Ocean Township Elementary School in Oakhurst, NJ – that’s where I spent the first six years of my academic life. It’s where I learned to climb on a jungle gym made from old tires and where my fifth-grade girlfriends decided which boy from “The Outsiders” they would marry. It’s also where my academic foundation was formed.

I’m a public-school kid. A public-school kid with an incredibly strong Jewish identity, thanks to my family, my youth group, my Hebrew school, my synagogue and in general, my East coast roots.

And since this was what I knew, what made me…well…me, I assumed that this is what my kids would know too. Isn’t that the way we often parent? We use our own experiences to inform our decisions and set our expectations for our kids.

Twelve years ago, it was time for me to put those personal experiences to good use when our son, Noah, was born. As many new parents do, we researched the best car seat and chose the most stimulating (yet not too stimulating) toys, and read books and made baby food and…the list goes on and on.

And when Noah was ready for preschool, we thought and asked and questioned and evaluated and finally chose the place that respected and loved my 2 year-old as much (I hoped) as I did. And when kindergarten was a year away, we started talking about which public school Noah would attend. Because, of course public school.

But then I got an email.

My friend Sara reached out to me. She said, “I don’t know what you are thinking for Noah for next year, but we are at Hebrew Day School and we are really happy. Can I just show you around? No pressure.”

I had already figured out Noah’s path. Or so I thought. Public school kid with a strong Jewish identity. There would be youth group and Hebrew school and synagogue and family in his future. There would be all the things that I knew how to do. All the things that had worked for me. I did take Sara up on that invitation, mostly because she was my friend and I appreciated that she had offered but not so much because I was going to seriously consider HDS for Noah.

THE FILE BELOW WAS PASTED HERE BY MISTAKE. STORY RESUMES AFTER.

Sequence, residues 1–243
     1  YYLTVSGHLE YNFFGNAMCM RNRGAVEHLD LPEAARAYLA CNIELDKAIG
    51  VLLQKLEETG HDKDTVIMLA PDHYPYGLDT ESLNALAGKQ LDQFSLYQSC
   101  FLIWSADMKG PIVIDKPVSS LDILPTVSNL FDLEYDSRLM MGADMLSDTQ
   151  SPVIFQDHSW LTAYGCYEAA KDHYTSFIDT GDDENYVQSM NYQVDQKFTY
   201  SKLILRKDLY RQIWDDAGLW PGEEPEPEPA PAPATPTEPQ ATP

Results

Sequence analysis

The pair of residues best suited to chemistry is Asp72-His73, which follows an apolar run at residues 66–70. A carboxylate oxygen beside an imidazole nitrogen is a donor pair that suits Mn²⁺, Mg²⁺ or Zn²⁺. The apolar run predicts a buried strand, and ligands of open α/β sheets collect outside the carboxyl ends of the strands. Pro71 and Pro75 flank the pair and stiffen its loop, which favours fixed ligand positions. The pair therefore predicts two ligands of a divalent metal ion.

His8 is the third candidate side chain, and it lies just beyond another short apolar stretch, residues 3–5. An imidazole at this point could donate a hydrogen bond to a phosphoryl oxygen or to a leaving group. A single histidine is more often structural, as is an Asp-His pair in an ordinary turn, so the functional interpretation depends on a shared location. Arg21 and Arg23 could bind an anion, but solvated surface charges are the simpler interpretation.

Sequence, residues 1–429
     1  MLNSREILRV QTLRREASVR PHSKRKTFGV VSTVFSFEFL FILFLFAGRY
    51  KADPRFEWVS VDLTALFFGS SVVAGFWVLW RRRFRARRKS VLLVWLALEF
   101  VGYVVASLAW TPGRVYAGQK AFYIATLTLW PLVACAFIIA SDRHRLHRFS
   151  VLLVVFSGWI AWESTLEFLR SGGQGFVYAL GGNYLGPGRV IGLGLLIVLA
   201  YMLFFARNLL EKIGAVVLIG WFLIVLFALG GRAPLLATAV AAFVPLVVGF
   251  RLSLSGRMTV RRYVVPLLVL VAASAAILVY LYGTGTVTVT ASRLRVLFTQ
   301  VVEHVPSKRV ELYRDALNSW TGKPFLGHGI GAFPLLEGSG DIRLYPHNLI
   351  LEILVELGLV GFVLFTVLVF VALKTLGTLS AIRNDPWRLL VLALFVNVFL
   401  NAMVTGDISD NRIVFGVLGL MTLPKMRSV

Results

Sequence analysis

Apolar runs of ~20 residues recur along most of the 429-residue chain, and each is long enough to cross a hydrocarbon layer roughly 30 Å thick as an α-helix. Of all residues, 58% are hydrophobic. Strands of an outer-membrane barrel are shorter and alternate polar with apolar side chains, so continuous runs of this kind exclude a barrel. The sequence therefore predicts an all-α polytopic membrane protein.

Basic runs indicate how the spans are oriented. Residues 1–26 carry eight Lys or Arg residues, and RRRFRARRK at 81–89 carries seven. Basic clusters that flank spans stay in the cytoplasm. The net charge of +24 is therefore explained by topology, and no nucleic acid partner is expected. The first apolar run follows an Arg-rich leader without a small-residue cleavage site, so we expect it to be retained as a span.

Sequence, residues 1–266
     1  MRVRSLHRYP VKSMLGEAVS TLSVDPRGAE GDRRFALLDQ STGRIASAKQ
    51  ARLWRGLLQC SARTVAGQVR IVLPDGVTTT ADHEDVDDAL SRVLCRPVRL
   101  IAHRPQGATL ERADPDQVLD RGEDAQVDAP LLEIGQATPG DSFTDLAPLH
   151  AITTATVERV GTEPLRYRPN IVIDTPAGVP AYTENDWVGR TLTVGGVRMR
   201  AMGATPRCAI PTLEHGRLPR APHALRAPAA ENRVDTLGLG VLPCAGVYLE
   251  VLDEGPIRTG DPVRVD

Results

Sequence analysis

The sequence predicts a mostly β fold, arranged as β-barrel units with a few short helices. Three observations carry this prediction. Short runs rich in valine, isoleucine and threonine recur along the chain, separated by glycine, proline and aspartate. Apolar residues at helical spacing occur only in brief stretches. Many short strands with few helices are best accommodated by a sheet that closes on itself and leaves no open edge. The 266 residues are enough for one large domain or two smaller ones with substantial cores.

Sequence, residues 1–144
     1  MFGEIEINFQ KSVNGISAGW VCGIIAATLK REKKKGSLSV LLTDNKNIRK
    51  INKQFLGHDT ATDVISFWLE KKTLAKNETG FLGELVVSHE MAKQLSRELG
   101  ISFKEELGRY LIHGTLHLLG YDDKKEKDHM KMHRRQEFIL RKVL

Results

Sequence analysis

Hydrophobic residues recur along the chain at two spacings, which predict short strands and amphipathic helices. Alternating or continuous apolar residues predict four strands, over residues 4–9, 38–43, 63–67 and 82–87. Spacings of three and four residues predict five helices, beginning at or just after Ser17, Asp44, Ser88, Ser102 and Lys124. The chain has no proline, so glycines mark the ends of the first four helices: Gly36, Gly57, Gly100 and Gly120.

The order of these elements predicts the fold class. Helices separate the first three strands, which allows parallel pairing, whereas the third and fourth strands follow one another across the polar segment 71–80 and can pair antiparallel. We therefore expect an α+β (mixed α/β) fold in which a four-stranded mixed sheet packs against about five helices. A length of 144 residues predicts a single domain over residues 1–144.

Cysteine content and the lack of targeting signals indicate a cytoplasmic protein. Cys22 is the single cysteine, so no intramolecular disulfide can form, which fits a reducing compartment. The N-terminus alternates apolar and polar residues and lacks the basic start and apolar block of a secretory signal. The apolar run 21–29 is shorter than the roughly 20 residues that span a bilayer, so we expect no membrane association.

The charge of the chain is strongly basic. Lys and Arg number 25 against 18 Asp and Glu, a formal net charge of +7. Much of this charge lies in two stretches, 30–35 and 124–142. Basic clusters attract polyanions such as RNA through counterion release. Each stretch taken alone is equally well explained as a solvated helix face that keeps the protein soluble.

And then something happened. Seriously, this really happened. I walked through the halls with Sara and looked at the work hanging on the walls and popped my head into classrooms and then I fell head over heels in love with this school. Because sometimes even though we can research and we can observe and we can compare and contrast and we can weigh the pros and the cons and land on any number of excellent final decisions, it is a feeling that speaks to us the most.

That afternoon as I walked around HDS I could feel the ease of the laughter, the infectious energy, the abundant happiness– flowing from the students and the teachers, turning the cinder-block hallways into joyfully colorful spaces. And so I followed my gut and made the decision to change my kid’s path because I knew where there was joy, and where Noah felt that joy, there was sure to be learning.

Hebrew Day School in Ann Arbor, MI – that’s where my kid spent the first six years of his academic life. It’s where he learned to play football and where his friends decided which basketball teams would make it into March Madness. It’s also where his academic foundation was formed, where he learned to be a mentor and philanthropist. It’s where his Jewish identity was solidified, where he was not just taught math and science and engineering and Hebrew and Torah – but also to love learning and love his community.

And giving that to my kid – well, that’s the best feeling ever.

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